Ethics Advisory Opinion 14-02

Utah State Bar
Ethics Advisory Opinion Committee 

Opinion Number 14-02 

Issued January 14, 2014

ISSUE

1.         Is an Agreement between a non-lawyer Marketer and a Law Firm where the Marketer conducts telephone marketing to solicit and refer clients to Law Firm in violation of the Rules of Professional Conduct where the payment to the Marketer matches a percentage of the fees paid to the Law Firm by the clients referred to the Law Firm by the Marketer?

2.         If the Agreement is in violation of the Rules of Professional Conduct must the Attorney retained by Marketer to enforce the Agreement inform the appropriate professional authority pursuant to Rule 8.3(a)?
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Ethics Advisory Opinion No. 98-12

(Approved December 4, 1998)
Question:
When a lawyer becomes aware that another lawyer has illegally used or possessed controlled substances, under what circumstances must the first lawyer report such conduct to the Utah State Bar?

Opinion: A lawyer is required to report to the Utah State Bar any unlawful possession or use of controlled substances by another lawyer if two conditions are satisfied: (1) the lawyer has actual knowledge of the illegal use or possession, and (2) the lawyer has a reasonable, good-faith belief that the illegal use or possession raises a substantial question as to the offending lawyer’s honesty, trustworthiness or fitness as a lawyer in other respects. A lawyer is excused from this reporting requirement only if (i) the lawyer learns of such use or possession through a bona fide attorney-client relationship with the offending lawyer, or (ii) the lawyer becomes aware of the unlawful use or possession through providing services to the offending lawyer under the auspices of the Lawyers Helping Lawyers program of the Bar.
Analysis: The unlawful use or possession of controlled substances is criminal conduct and may constitute the commission of “a criminal act that reflects adversely on the lawyer’s honesty, trustworthiness or fitness as a lawyer in other respects,” which is professional misconduct under Utah Rules of Professional Conduct 8.4(b). If another lawyer has actual knowledge that a lawyer has unlawfully possessed or used controlled substances, such that it raises a substantial question as to the offending lawyer’s honesty, trustworthiness or fitness as a lawyer in other respects, the lawyer is bound by the provisions of Rule 8.3(a) to make a report to the Office of Professional Conduct of the Utah State Bar,1unless this disclosure obligation is excused by Rules 8.3(c) or 8.3(d). Rule 8.3(a) provides:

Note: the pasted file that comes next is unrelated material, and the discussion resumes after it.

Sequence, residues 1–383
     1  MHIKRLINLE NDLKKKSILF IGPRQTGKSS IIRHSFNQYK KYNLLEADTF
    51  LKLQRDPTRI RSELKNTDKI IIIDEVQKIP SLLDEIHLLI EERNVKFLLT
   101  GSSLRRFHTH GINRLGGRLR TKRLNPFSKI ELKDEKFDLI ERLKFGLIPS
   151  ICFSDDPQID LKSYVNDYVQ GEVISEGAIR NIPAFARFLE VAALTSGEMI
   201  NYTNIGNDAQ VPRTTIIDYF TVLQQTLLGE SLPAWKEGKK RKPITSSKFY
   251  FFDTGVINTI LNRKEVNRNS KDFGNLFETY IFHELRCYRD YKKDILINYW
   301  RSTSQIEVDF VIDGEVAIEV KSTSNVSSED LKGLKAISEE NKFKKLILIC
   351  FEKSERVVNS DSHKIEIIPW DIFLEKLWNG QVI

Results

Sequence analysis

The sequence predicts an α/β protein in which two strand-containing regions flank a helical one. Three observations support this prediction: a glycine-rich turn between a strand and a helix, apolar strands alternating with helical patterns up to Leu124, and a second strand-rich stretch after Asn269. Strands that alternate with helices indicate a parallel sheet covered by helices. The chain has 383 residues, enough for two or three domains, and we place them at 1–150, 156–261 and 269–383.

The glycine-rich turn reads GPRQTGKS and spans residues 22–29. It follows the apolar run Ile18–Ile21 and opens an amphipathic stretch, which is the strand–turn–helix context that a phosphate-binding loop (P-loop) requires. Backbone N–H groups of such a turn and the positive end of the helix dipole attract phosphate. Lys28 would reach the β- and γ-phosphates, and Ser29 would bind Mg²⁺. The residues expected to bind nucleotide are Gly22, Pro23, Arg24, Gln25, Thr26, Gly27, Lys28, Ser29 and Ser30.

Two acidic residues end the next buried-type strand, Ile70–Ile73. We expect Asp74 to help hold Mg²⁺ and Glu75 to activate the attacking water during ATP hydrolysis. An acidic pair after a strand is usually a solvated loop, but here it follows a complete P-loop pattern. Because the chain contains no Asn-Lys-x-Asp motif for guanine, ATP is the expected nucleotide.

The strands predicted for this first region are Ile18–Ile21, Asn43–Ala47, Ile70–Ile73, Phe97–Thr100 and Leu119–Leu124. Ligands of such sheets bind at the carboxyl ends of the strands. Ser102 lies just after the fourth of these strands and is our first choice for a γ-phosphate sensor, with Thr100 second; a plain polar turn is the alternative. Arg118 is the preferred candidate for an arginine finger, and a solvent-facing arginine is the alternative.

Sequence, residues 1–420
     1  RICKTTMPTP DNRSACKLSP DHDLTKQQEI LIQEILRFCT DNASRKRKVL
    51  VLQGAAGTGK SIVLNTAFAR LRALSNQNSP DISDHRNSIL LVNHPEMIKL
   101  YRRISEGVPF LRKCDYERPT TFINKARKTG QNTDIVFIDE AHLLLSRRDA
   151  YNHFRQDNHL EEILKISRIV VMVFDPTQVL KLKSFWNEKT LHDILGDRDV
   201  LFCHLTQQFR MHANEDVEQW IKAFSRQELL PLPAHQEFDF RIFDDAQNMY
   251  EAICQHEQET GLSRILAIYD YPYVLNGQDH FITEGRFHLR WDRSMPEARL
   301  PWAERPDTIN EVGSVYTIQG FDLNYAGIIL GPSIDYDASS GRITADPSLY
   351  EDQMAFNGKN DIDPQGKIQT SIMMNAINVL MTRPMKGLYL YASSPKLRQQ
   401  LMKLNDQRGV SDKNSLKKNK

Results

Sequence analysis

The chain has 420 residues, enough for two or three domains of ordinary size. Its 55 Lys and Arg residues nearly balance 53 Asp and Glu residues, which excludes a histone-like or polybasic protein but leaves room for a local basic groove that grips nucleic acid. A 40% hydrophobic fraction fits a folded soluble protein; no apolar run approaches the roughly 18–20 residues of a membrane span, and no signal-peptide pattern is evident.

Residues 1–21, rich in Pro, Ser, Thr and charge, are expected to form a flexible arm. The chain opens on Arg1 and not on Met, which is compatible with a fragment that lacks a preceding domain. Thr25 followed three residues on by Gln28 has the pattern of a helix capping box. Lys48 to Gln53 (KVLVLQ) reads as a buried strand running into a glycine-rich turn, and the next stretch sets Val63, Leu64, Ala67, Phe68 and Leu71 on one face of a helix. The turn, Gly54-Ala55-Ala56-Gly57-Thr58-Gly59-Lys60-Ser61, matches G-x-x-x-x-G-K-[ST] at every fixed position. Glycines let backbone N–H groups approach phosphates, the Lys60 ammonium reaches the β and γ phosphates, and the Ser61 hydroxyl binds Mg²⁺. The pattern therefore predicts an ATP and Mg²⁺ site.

A lawyer having knowledge that another lawyer has committed a violation of the Rules of Professional Conduct that raises a substantial question as to that lawyer’s honesty, trustworthiness or fitness as a lawyer in other respects, shall inform the appropriate professional authority
However, Rule 8.3(a) imposes an obligation to report only if the lawyer has “knowledge” that the other lawyer has committed a violation of the Rules. “Knowledge” as used in Rule 8.3(a) requires actual knowledge of the violation of the Rules by the other lawyer.2In addition, whether the unlawful use or possession of a controlled substance reflects adversely on the lawyer’s honesty, trustworthiness or fitness as a lawyer in other respects is dependent upon the facts and circumstances.
Rule 8.3(a) imposes a reporting requirement only when the known misconduct raises a “substantial question” regarding a lawyer’s honesty, trustworthiness or fitness as a lawyer in other respects. The Comment to Rule 8.3 recognizes that the rule does not require disclosure of every violation of the Rules of Professional Conduct. Rule 8.3(a) limits the violations that must be reported to “those offenses that a self-regulating profession must vigorously endeavor to prevent.” The Comment further states: “A measure of judgment is, therefore, required in complying with the provisions of this Rule.” Whether a “substantial question” arises is therefore measured by the subjective, reasonable, good-faith belief of the lawyer with knowledge of the violation. But the Comment to Rule 8.3 also states that the use of the “term ‘substantial’ refers to the seriousness of the possible offense and not the quantum of evidence of which the lawyer is aware.”